As Holly explains, patience is key, as scaling too early often leads to missteps.
“A lot of companies and a lot of teams move right to scale. They build a model and start running it, giving it to thousands of users. That's a terrible way of rolling something out. Between the ‘hack it’ and the ‘scale it’ is probably a year and a half long journey. This is enterprise software – building production code is not magic - with thousands of users, not a startup with a grassroots growth to scale measured in the hundreds. You have to be really patient, and give the users the time to adapt, adopt and bring them along on that journey. We run a lot of ‘a-b’ tests - experimenting with a control group using the old system and another group with the new system. You really have to take a stepwise approach and build incrementally, because at each stage you're going to get feedback you didn't expect. You want that before you try to scale it.
“If you don't go through the steps and just switch to the new system, it fails every time. It's like organ rejection.”
With the digital twin established, what was its impact on predictability? “We really set out to see if we could improve the throughput. Can we move more containers at this given terminal if we can plan better? It used to be that you would plan the day before a vessel arrives. Now you can plan three weeks in advance and you can know exactly what the labor and equipment is going to be.”
Were there any unpredictable outcomes? Holly breaks into a wry smile…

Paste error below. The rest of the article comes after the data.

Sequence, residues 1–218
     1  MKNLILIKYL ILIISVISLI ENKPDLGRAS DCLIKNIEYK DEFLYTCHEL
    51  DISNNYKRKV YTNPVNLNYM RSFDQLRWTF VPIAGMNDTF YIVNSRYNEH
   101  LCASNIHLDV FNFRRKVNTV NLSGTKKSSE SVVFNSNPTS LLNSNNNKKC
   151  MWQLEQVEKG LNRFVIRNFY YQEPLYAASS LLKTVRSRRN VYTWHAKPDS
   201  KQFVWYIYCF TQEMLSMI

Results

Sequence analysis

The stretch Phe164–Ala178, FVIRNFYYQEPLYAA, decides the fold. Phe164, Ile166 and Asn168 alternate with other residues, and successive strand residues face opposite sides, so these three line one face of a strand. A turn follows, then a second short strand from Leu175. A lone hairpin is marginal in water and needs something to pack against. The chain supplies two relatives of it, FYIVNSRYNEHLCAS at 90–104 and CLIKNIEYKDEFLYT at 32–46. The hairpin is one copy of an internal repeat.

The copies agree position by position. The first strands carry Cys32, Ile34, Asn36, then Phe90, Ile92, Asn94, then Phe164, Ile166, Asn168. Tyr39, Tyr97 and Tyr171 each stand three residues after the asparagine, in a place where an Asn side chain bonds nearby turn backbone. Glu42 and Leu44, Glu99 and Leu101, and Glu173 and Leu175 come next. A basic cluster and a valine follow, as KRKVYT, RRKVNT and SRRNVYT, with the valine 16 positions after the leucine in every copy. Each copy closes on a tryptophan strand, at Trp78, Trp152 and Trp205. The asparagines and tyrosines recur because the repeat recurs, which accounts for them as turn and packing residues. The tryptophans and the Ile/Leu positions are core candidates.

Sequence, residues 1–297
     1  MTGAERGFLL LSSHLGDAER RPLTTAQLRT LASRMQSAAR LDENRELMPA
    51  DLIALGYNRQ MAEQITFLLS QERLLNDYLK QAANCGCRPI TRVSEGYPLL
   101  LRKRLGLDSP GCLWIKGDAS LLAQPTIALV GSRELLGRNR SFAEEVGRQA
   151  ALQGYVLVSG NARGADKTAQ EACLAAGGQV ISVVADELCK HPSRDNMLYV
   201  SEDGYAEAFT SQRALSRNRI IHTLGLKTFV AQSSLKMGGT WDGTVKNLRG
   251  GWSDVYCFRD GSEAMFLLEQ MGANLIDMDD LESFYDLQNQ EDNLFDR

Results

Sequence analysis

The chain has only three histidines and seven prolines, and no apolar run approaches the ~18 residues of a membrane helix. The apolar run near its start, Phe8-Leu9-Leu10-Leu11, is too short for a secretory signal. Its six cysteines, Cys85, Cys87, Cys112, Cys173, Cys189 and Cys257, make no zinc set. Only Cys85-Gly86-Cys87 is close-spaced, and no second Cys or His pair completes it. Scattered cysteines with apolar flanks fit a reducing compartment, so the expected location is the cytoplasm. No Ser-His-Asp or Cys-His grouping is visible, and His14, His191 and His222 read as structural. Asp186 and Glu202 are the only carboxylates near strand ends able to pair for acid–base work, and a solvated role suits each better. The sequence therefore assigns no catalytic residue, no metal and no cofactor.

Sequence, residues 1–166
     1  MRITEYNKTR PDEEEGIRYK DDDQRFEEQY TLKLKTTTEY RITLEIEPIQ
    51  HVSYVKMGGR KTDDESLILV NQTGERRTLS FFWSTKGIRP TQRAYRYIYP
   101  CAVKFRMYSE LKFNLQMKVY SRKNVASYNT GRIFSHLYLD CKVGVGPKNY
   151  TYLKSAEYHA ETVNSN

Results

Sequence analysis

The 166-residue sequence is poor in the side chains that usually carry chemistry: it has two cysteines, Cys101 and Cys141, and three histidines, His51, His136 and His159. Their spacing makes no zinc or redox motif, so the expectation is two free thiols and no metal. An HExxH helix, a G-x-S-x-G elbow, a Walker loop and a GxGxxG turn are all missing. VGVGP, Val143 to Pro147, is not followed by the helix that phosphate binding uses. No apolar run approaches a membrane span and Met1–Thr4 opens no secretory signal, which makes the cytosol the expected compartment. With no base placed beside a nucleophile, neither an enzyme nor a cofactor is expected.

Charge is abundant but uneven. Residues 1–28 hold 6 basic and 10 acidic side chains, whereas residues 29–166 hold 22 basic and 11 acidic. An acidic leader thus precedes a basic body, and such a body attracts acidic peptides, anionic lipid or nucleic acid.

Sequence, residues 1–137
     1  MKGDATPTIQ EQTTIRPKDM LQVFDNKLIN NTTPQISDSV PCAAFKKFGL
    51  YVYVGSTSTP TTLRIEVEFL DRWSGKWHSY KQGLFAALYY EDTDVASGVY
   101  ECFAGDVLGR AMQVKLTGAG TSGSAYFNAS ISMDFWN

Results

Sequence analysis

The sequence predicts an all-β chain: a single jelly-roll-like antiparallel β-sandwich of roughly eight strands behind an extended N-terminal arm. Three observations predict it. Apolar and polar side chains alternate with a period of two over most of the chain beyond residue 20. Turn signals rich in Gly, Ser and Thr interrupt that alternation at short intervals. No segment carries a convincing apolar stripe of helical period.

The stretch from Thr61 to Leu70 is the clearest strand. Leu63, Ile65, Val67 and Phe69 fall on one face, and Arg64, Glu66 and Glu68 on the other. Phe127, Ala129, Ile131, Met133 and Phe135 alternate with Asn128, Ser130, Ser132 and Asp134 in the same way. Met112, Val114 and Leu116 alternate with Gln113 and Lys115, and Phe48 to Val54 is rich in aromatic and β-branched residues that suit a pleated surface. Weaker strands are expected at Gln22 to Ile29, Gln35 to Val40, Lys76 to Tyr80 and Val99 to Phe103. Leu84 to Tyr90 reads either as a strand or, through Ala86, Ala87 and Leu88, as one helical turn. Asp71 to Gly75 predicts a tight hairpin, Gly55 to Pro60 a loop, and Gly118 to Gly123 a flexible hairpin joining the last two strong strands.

“For one of our Triple Es, there was a hypothesis that if we added more equipment we could load and unload faster. However, what was proved in the digital twin simulations is that we could actually take out equipment. We used to have 12 cranes operating around each other, each with their own upstream and downstream dependencies, so we took out four and proved that it was actually faster, because you have fewer ‘equipment clashes’.”
There are many nautical miles ahead for Holly, rolling out digital twin technology across all regions. As she continues to champion Maersk’s voyage towards digitally native, what lies beyond the horizon for the ever expanding data lake?
“I think linear supply chains are increasingly brittle, making it more complex to serve our global Customers. We have multiple modular building blocks. We have first, middle mile and last mile - ocean, customs, warehouses, rail and inland transportation. We need to start connecting those building blocks into not just a linear supply chain, but one with a circularity where we have dual sourcing and reverse global logistics to deliver what we call ‘zero touch logistics’. Customers need flexibility.
“The big dream is to execute end-to-end supply chains through the modularity of a ‘network of networks’ that can only be done by ‘the brain’. The brain is an ensemble model, mapping all the different parts of the supply chain networks and applying that to modular products. At the end of the day, this data and these capabilities need to make our employees’ and our customers’ lives easier.”
Maersk is on its journey towards a digitally native future, to “super-charge” their humans, translating into our teams’ operational predictability, to meet the challenges of climate change. As Holly attests, “before there was ESG, we were worried about emissions. We don't see it as an ‘or’, it’s an ‘and’. It's just assumed, it's like oxygen. We’re going to do all that we can. At Maersk, the impact that we can have on the planet, for everyone, it’s huge!”
For every organization to play their part to counteract climate change they will need the support of global supply chains that are, themselves, served by decarbonized shipping and logistics networks. As Holly and her team continue to roll out their AI driven digital twin technologies, delivering operational insights without interruption, colleagues such as AnSo will be able to make those small changes that have big impacts.